scheptech
Hmm, ok I get the restrictive sari thing, and recognize the subsequent oppression of the living, but I think I'm detecting a little reverse sexism here regarding those who died.

If the numbers were reversed and men, at least in part through selfless devotion, had died in greater numbers, they would be a “hero.”

But, because it's women, they are instead 'victims'?.


Wow, you must hate men. Really, what is your basis here?

A female or male rescuing a drowning person will be called a hero because the title is bestowed by the witnessing victim or by stander.
If no witness, how would you know the person died in a hero act?

I will agree people do tell lies about a woman who has done a great deed, yet most applaud her.

because it's women,
PS, you may dislike females also as you referred to women heroes as "it".
posted by thomcatspike at 4:31 PM on April 4, 2005


heroic act?
posted by thomcatspike at 4:32 PM on April 4, 2005


Ok reviewing..., nope, I can't see how it's possible to perceive hatred of men or dislike of women in there.

The post is categorizing all the women as mere victims. One gets a picture of people without minds of their own, we are presented with a list of reasons such as wearing non-tsunami-friendly clothing and hairstyles and then, oh by the way: some of them apparently died acting out of love for and devotion to their families. Well, to me this latter 'reason' seems qualitatively different from the rest. It's not even particularly logical to say someones choosing to die in place of another 'hindered their ability to escape'.

In the Titanic disaster a hundred years ago some of the men chose to die so their wives or children or even other mens' families could live. We correctly consider them to have acted out of intelligence and free will making the hardest possible decisions in dire circumstances. We don't think of them as victims but rather as honorable people deserving our respect.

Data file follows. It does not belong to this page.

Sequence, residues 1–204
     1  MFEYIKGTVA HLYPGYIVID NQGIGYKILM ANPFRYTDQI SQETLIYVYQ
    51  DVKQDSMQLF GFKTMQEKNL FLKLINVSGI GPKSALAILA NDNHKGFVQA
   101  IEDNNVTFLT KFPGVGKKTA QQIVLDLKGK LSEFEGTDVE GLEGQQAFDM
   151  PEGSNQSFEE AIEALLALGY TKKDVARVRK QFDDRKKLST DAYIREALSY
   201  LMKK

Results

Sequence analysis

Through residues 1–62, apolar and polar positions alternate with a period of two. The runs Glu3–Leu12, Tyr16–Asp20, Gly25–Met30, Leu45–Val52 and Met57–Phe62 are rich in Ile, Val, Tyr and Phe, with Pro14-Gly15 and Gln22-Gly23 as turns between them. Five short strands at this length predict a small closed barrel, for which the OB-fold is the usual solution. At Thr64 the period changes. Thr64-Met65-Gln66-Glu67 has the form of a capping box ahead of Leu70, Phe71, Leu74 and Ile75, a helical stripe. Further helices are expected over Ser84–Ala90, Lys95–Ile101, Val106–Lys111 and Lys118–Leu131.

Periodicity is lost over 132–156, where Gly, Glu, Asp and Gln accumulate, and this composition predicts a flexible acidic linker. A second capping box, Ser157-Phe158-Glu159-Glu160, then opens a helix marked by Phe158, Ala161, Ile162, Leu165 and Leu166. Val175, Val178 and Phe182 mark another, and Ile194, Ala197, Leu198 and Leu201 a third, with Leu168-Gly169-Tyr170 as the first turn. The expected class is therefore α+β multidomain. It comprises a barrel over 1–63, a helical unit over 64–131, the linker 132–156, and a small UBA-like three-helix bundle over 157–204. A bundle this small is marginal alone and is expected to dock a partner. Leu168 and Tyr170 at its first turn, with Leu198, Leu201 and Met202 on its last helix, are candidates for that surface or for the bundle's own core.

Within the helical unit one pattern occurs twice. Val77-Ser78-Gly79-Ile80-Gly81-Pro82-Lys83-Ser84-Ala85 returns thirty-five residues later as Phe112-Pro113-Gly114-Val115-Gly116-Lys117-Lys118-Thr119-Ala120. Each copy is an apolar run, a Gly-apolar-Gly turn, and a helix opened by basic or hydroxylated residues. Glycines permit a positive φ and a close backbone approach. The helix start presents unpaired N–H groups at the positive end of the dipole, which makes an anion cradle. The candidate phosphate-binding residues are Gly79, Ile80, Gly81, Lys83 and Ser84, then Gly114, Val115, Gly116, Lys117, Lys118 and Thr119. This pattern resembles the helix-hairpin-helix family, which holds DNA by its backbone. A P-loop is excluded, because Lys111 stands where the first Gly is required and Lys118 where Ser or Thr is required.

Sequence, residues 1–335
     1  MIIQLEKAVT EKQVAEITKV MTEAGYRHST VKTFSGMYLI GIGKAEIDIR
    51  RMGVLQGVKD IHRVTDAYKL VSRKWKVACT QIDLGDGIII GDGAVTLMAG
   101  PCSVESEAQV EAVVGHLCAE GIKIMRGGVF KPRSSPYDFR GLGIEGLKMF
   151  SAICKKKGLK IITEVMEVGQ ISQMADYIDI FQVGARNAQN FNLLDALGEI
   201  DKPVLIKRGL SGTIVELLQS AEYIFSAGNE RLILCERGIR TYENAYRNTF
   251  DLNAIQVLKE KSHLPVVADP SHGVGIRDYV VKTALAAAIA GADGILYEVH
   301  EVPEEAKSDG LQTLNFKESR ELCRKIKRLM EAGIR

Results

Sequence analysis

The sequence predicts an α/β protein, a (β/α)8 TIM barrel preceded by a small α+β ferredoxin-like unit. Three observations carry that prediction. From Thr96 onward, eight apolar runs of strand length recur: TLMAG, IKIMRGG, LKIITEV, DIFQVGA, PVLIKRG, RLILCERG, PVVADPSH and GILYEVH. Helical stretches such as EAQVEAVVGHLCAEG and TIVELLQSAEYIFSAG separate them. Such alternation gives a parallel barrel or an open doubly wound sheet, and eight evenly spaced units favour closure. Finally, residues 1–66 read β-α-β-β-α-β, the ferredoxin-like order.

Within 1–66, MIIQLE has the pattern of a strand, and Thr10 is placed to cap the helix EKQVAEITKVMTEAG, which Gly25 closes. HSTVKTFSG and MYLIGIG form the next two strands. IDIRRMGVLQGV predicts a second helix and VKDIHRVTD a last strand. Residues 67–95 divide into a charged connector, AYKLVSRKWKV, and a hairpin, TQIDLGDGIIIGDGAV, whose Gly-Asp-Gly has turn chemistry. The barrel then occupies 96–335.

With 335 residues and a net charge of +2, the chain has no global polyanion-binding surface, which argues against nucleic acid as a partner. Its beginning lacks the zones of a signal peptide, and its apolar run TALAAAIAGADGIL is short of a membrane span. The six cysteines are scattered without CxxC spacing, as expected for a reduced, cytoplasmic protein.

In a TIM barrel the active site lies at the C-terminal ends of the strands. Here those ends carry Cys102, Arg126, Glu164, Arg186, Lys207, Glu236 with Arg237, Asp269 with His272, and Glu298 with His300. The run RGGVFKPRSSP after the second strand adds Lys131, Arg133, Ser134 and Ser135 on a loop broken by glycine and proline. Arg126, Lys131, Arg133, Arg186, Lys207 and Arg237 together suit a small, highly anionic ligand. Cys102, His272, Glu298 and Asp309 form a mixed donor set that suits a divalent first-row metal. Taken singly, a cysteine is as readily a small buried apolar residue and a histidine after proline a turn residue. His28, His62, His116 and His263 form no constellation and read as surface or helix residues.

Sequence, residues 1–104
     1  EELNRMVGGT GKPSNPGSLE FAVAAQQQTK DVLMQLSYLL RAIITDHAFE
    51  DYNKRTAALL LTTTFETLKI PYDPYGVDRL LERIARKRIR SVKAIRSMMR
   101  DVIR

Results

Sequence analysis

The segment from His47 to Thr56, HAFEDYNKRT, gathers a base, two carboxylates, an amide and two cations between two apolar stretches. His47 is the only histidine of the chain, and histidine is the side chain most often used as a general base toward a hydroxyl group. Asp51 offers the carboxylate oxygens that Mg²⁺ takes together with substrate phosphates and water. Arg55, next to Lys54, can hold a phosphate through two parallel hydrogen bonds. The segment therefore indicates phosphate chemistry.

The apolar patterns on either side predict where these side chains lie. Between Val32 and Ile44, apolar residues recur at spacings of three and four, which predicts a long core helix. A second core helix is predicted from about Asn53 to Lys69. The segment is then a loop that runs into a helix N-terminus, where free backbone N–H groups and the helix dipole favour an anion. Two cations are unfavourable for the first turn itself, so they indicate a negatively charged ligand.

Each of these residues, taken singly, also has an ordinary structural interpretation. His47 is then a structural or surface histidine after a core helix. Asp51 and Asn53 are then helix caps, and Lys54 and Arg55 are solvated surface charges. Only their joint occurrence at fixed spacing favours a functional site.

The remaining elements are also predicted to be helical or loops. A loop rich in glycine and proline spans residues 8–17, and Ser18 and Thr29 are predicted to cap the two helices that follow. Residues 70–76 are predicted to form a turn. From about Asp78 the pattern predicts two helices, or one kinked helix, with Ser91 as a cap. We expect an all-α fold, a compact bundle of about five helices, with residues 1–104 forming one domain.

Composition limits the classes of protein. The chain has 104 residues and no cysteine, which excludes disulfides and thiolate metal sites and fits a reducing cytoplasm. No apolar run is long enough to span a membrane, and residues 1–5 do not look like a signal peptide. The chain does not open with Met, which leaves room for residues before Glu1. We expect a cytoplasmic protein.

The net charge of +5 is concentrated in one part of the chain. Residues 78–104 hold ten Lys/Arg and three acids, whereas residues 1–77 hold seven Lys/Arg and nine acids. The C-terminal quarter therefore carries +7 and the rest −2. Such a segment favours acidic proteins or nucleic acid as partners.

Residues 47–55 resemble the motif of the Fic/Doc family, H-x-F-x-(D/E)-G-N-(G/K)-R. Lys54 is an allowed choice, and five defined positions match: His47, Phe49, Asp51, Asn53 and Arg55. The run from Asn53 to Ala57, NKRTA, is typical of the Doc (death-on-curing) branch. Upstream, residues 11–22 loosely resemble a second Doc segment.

Why should we not afford the same respect to those women who died in the tsunami protecting their loved ones because they themselves thought it was the right thing to do? I'd like to know more about them as individuals. I think we'd find out there was a lot more to them and how they chose to live and, in some cases die, than tight fitting saris.
posted by scheptech at 7:47 PM on April 4, 2005


but it's a North American term meaning

far as I know, it's a british term...
posted by mdn at 8:22 PM on April 4, 2005


British and Canadian.
posted by orange swan at 5:16 AM on April 5, 2005


Awesome point, scheptech.
posted by agregoli at 9:30 AM on April 5, 2005


Why should we not afford the same respect to those women who died in the tsunami protecting their loved ones because they themselves thought it was the right thing to do?

I will agree people do tell lies about a woman who has done a great deed, yet most applaud her.(my earlier comment)
I think you did, and good for you catching it. Unfortunately the reader not following closely may have not because they don't care in the end.
Honestly, you think the women that gave their lives would want the heroic title?
posted by thomcatspike at 1:18 PM on April 7, 2005